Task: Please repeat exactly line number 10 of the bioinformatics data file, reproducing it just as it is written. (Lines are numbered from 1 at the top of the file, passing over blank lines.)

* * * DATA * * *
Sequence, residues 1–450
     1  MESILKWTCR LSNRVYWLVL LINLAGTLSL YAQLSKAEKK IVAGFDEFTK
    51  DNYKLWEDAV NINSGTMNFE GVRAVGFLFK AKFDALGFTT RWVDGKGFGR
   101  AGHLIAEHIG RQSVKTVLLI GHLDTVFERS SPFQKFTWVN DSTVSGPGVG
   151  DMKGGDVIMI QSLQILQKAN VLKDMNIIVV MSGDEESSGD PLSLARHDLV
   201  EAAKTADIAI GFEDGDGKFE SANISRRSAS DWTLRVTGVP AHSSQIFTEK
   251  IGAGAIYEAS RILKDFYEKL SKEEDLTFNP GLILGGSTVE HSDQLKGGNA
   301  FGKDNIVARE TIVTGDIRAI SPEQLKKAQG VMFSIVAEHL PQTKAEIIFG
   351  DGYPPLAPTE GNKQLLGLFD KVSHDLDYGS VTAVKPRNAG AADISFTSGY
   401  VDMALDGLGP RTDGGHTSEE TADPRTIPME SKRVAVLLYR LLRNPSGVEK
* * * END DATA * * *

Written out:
   401  VDMALDGLGP RTDGGHTSEE TADPRTIPME SKRVAVLLYR LLRNPSGVEK